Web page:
Now, on the other hand, if the button doesn’t direct a user to a particular site, then it’s perfectly fine (and more sensible) to use <button>. Add a JavaScript click listener to dictate what happens when a user clicks that button. Here are some examples:

  • Toggle an option or setting.
  • Serve as a button in a game.
  • Submit a like/upvote on a particular post.
  • Submit a comment/post on a site.

Note that some buttons have inherent functions in HTML. For example, a button with type="submit" is used in forms to trigger a form submission event. In this particular use case, an anchor or div would be a completely inappropriate and hacky substitute.

Use More Lists!

I have to say: <ol> and <ul> are probably the two most underrated semantic HTML elements out there. Things are listed are everywhere on the web, yet you rarely see them rendered using lists!

A screen reader won’t detect that a <div> is a collection of ordered or unordered items because divs convey absolutely zero meaning—they’re not semantic HTML. Note that a <div> has no implicit ARIA role, meaning a screen reader won’t narrate anything special when it encounters that <div> (but it will still read its contents). This means that if you have multiple, separate <div>s that each serve as lists, their items will meld together when narrated, and that could get confusing.

On the other hand, when it encounters an <ol> or <ul>, a screen reader will explicitly tell a user that there’s a “list with X elements” up ahead. Moreover, the screen reader will narrate when it has exited a list (e.g., NVDA says “out of list”), giving an unsighted user a better sense of where they are on the page.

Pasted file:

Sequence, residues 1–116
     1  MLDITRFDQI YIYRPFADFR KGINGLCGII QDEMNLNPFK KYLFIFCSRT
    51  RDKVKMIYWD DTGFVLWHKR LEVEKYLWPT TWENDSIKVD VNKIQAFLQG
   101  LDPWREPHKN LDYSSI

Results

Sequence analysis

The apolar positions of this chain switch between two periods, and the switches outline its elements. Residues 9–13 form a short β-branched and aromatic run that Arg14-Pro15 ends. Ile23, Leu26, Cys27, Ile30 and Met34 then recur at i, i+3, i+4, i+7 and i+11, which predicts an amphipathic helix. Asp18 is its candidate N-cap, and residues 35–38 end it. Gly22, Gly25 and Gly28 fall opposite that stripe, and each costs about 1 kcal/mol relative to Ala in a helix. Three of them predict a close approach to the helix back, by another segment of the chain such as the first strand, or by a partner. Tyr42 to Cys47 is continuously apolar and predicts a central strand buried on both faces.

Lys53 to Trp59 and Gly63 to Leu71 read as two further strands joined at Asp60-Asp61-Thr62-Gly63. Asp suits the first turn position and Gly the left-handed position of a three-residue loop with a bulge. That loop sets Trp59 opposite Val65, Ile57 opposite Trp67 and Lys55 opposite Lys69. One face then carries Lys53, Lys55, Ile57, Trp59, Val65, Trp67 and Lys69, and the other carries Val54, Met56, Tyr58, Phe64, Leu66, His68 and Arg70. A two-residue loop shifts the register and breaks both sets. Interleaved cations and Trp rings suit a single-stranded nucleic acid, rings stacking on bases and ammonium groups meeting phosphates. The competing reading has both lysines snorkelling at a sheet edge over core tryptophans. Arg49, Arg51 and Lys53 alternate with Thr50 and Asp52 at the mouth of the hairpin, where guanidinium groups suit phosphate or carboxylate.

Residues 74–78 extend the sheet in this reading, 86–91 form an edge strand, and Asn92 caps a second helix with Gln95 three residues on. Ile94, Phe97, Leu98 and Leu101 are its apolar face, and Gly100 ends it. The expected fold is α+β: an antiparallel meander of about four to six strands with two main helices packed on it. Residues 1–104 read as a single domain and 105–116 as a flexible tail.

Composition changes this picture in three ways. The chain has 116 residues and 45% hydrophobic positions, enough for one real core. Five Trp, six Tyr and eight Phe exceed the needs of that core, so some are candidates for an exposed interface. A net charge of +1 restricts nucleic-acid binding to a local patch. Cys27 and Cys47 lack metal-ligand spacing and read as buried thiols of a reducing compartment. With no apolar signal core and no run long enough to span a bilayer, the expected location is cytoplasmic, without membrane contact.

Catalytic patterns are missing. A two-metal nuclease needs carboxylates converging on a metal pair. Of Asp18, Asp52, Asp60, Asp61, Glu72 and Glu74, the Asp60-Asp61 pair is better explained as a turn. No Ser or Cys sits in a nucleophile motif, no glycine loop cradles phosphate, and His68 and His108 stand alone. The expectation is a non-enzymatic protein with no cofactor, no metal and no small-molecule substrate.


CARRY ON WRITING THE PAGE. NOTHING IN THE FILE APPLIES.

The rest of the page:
Here are a few great use cases for HTML lists:

  • Navigation links in menus and sidebars.
  • Feeds and posts (e.g., blog posts, social media feeds, forum posts, replies and comments). In most cases, you’ll want to use an ordered list since these items are usually sorted by a given parameter, like date published.
  • Pagination trails. A pagination trail is literally a numbered list of pages—it doesn’t get any simpler than that!
  • Grouped tags and links (e.g., post tags or social media links). Use unordered lists!

Just because lists render with bullet points or numbers by default doesn’t mean that they must be reserved for textual lists. In terms of semantic HTML, a list is the perfect container for a group of related items, ordered or not.